Dead to Me

Dead to Me

Netflix’s latest original series “Dead to Me” starring Christina Applegate and Linda Cardellini, whose first season was released on May 3, is off to a hot start.

Bringing in great reviews over the course of the last few weeks, I decided to give the series a shot.

After her husband was killed in a hit-and-run accident, Jen Harding (Applegate) begins her new life as widow with two adolescent sons. Seeking closure and clarity, Harding soon finds herself at a support group for individuals mourning the loss of close ones.

It is there she meets Judy Hale (Cardellini), another new group member, who shares that she has just lost her fiancé to a heart attack.

The two share a moment of sarcastic wit and immediately become friends. Spending hours on the phone together and sharing bottles of wine, the two in mourning turn to each other for comfort.

But when Harding goes to Hale’s supposed home unannounced, it is revealed that her believed dead fiancé is actually alive and well and that Hale had been broken up with by him rather than him actually dying.

In a fit of rage, Harding confronts Hale at the next group meeting and reveals to the entire group that Hale had been lying the entire time. Through tears, Hale divulges that the reason why he left her was that they could not conceive a child.

Now understanding her loss, Harding forgives Hale and the two recover. Realizing that Hale does not have a place to live anymore, Harding invites Hale to stay in her guest house and live with her and her two sons.

Hale agrees and goes to collect her belongings from a nearby storage unit. The pilot episode ends with a shot of a damaged Ford sitting inside her unit, while Hale flashes back to the night that she ran over Harding’s former husband.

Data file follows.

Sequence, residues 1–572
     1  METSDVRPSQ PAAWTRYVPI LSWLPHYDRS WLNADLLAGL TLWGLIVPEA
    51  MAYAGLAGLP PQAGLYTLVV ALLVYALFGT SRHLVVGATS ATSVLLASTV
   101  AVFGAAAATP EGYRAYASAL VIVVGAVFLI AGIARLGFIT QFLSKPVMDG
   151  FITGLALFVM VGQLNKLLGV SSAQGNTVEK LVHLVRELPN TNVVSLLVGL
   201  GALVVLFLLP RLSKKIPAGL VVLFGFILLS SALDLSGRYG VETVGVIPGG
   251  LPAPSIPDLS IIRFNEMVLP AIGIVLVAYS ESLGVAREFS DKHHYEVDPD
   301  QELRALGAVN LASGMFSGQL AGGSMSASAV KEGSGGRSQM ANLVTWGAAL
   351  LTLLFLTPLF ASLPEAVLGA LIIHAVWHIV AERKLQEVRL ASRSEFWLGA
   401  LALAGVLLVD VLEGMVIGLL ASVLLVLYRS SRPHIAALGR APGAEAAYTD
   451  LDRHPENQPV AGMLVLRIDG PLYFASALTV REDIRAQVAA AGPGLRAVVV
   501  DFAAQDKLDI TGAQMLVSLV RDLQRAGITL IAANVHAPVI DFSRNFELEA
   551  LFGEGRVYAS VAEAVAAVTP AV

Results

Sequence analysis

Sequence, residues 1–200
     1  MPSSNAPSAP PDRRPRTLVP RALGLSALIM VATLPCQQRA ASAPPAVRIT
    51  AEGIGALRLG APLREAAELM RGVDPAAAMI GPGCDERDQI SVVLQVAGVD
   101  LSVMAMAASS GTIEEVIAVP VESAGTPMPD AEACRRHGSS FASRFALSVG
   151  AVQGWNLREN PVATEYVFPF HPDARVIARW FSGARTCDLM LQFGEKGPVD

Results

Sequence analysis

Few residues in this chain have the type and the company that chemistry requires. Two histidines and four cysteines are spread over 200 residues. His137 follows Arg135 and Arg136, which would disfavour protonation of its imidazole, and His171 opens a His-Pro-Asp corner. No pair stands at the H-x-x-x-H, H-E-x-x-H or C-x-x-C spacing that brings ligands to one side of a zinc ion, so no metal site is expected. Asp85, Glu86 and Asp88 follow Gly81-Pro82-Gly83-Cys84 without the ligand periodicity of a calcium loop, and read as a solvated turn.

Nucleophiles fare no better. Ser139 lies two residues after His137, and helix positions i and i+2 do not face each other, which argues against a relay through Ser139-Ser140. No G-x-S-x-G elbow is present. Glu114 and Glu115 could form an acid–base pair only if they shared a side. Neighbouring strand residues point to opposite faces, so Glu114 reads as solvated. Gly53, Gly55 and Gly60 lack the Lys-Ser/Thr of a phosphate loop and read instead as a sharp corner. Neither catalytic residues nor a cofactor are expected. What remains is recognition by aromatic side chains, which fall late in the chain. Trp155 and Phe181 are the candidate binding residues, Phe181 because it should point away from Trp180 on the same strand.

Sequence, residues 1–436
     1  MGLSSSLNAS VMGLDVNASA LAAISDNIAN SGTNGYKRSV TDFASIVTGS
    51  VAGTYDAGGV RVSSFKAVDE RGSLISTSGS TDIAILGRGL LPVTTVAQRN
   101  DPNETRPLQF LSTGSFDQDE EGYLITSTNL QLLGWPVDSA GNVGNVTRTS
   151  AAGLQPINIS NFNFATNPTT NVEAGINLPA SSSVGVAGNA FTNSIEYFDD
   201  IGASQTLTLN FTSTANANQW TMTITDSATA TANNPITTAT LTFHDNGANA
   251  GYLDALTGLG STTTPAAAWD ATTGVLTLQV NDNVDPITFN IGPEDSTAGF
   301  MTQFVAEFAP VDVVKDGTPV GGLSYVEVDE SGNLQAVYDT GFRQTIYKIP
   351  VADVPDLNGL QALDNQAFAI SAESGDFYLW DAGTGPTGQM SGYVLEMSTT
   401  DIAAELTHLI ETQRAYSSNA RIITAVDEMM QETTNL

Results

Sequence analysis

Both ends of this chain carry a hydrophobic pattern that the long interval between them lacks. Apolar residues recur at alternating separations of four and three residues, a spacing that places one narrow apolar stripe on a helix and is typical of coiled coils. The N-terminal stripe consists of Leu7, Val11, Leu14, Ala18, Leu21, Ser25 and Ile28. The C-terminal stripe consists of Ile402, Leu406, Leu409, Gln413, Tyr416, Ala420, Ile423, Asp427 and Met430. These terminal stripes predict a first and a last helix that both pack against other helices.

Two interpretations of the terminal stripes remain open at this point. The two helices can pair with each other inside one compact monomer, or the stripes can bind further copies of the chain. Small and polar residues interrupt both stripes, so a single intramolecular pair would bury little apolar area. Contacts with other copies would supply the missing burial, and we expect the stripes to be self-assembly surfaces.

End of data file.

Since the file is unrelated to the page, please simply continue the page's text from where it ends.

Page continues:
I realize that there was a lot that transpired over the course of one episode, and that was one of the reasons why I felt that this new Netflix series wasn’t the best.

The series just felt rushed. Each episode is only a half-hour long and the entire show just felt as if it were one event after another as if you were reading a bulleted list.

  • Husband dies
  • Goes to support group
  • Makes friend
  • Friend lies/ Break up
  • Make up/ Move in
  • Friend revealed as killer

It was just plot point after plot point and it felt as if you were drowning in a storyline that doesn’t give you time to come up for air and process what you just watched. If there had been a bit more of comic relief added in some scenes, it would help carry the story so much more rather than having it wash over you.

Not to mention the predictability of the series. I paused the first episode after the initial 10 minutes and texted my brother, who has been telling me to watch the series for the past two weeks, to tell him that I had already realized that Cardellini’s character had killed Applegate’s husband.

The entire premise of the series was so predictable that I realized the twist within the first ten minutes of its pilot episode. I don’t see how any successful series can carry on with a high viewership if its audience will be able to predict what’s going to happen from the get-go?

Though, due to my own personal watching ethics, I will always give any series the benefit of the doubt and watch the first four episodes. If a series cannot absolutely capture me by the end of its fourth episode, then it is just not for me (i.e. The Walking Dead).

But with a second episode that felt just like the first, I guess that I am going to need to push myself to watch the series’ third and fourth.


Ken Downey Jr. is the Features Editor for Time OFF and Packet Publications. This is a part of his series of weekly columns focusing on arts and entertainment. He can be contacted at



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